Minnesota School Of Music - November 2021

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11.2021 763-432-9713 www.mnschoolofmusic.com



After a year of hard work, my book “Beyond Theory: The Making of a Music Teacher” was finally released on Aug. 20. Seeing the book make it to print was exciting enough on its own, but I was both shocked and humbled when, the day after release, the book shot to No. 2 on Amazon’s list of top-selling Music Theory books. “Beyond Theory” has since made it to No. 1, and I couldn’t be more grateful. As you may remember, I wrote this book because I didn’t have my own mentor to show me the ropes when I started teaching. I did my best, but I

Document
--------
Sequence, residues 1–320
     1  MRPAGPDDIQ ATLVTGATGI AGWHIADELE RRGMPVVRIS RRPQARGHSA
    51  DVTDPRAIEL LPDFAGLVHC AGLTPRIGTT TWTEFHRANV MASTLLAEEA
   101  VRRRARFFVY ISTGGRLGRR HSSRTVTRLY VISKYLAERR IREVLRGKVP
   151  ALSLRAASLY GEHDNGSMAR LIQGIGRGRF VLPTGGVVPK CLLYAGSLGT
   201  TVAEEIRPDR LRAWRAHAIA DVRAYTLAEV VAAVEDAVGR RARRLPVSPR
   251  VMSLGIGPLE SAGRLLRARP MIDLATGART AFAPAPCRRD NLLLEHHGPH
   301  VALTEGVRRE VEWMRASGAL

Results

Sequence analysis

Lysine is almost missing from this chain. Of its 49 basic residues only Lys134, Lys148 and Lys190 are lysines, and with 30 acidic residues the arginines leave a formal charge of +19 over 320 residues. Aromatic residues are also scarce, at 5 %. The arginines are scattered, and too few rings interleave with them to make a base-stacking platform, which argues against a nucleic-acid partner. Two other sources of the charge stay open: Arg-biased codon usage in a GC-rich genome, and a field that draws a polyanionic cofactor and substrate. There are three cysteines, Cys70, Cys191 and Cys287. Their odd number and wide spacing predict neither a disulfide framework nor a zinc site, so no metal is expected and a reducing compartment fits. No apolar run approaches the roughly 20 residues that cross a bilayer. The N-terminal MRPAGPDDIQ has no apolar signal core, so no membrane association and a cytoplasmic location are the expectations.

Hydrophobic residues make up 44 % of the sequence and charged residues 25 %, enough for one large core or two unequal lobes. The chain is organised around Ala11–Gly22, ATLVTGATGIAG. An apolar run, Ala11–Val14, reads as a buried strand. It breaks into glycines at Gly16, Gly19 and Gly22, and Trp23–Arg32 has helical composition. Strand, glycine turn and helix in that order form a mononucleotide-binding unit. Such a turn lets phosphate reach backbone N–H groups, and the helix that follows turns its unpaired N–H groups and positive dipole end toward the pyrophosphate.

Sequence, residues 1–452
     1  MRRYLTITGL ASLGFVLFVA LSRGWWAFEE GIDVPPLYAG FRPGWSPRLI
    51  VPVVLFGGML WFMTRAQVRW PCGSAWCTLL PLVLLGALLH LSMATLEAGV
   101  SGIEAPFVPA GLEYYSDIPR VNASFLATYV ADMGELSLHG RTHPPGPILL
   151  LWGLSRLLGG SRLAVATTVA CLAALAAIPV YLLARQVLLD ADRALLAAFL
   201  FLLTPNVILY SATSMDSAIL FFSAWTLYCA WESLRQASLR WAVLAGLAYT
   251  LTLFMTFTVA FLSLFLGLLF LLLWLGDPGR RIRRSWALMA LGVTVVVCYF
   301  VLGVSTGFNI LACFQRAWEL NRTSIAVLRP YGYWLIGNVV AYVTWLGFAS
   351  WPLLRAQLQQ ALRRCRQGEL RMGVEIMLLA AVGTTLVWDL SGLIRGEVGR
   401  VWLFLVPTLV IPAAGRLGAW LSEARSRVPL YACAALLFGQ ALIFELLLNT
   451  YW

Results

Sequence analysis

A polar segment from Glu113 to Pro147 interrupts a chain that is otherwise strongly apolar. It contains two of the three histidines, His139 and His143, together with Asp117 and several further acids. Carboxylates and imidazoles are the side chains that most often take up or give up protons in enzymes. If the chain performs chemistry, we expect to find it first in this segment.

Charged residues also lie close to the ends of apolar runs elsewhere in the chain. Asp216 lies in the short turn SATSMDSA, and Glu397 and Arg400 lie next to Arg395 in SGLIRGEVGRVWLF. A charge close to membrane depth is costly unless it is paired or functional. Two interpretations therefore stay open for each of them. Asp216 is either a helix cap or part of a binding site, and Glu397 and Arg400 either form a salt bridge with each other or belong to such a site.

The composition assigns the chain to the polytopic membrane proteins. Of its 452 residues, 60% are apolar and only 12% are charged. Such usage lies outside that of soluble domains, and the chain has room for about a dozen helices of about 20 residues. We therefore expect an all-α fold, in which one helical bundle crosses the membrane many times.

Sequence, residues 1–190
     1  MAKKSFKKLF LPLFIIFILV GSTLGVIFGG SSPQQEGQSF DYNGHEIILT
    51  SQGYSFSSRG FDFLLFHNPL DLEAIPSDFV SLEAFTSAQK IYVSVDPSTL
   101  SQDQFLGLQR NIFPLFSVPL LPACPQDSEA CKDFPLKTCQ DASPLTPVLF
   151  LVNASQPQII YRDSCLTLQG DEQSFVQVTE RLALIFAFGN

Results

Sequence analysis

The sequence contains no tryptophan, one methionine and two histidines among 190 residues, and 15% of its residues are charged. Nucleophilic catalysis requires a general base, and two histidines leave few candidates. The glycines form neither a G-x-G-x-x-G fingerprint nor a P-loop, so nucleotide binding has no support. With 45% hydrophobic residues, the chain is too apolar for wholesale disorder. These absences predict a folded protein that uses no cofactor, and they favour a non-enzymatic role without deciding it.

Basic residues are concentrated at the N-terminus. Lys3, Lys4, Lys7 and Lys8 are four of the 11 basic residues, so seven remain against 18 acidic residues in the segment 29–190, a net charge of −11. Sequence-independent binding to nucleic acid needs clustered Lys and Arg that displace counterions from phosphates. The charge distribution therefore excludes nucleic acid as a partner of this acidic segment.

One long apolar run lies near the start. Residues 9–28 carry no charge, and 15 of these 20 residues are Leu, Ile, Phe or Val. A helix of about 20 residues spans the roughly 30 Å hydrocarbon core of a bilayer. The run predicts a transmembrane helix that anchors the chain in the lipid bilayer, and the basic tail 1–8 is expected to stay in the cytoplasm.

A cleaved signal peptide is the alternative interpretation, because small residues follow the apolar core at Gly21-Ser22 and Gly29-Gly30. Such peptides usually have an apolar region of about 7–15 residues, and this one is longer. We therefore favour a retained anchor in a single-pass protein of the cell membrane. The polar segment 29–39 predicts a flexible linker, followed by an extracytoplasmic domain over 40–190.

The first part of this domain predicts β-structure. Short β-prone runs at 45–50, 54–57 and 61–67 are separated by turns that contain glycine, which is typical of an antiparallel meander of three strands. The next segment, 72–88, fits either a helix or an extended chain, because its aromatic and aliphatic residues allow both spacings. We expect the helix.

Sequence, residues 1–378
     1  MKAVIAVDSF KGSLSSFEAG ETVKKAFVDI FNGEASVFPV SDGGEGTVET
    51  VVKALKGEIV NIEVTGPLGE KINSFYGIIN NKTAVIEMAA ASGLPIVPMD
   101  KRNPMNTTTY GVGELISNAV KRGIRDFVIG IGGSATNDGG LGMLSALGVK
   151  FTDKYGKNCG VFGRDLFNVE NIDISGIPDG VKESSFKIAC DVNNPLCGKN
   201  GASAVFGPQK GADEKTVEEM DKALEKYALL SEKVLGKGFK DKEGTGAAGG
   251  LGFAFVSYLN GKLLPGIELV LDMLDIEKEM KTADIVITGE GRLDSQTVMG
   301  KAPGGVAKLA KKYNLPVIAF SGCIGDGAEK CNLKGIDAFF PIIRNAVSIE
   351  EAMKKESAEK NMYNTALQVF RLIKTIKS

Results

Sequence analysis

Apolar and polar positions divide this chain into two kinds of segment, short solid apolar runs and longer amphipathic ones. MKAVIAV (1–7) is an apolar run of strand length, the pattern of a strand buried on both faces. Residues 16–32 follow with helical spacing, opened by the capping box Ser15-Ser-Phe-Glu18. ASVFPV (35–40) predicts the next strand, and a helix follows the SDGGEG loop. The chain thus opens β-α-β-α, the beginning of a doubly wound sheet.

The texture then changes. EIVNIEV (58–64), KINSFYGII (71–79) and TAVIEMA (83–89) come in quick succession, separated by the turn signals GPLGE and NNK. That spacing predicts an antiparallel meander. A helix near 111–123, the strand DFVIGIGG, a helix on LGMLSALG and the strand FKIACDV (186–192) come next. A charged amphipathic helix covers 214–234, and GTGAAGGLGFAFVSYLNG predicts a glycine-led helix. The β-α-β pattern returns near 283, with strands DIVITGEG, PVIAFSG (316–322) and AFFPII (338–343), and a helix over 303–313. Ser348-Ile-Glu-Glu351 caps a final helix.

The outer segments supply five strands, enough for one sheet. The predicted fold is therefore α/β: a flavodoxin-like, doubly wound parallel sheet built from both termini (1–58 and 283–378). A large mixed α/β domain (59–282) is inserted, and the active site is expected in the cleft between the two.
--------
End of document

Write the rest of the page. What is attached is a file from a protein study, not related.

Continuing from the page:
spent about 10 years going from town to town, making kids cry — all because I knew how to play the guitar, but not how to teach it. I eventually sought out mentorship from people who knew what they were doing, and they helped me improve. Over the past 18 years, I’ve become an expert, and I want to help other teachers get better at their jobs, too. That’s what “Beyond Theory” is all about. Many people have asked me what it was like to write the book. The truth is that it was surprisingly therapeutic. As any parent will know, it’s not often that we get a chance to slow down and reflect. I have a school of almost 400 students, plus five kids of my own, and it often feels like I’m being pulled 100 different directions at once. Forcing myself to stop for about 90 minutes at a time and think introspectively about my life and journey was really restorative. Being able to reflect on the lessons I’ve learned from all of my family members and teachers really helped me define who I am and who helped me get here. When people think about writing, they often imagine a hermit sitting in a cabin somewhere in the wilderness, pounding away at a keyboard. My experience was nothing like that, and my publisher and I had a much more methodical approach to the book. Many people say they wish they could write a book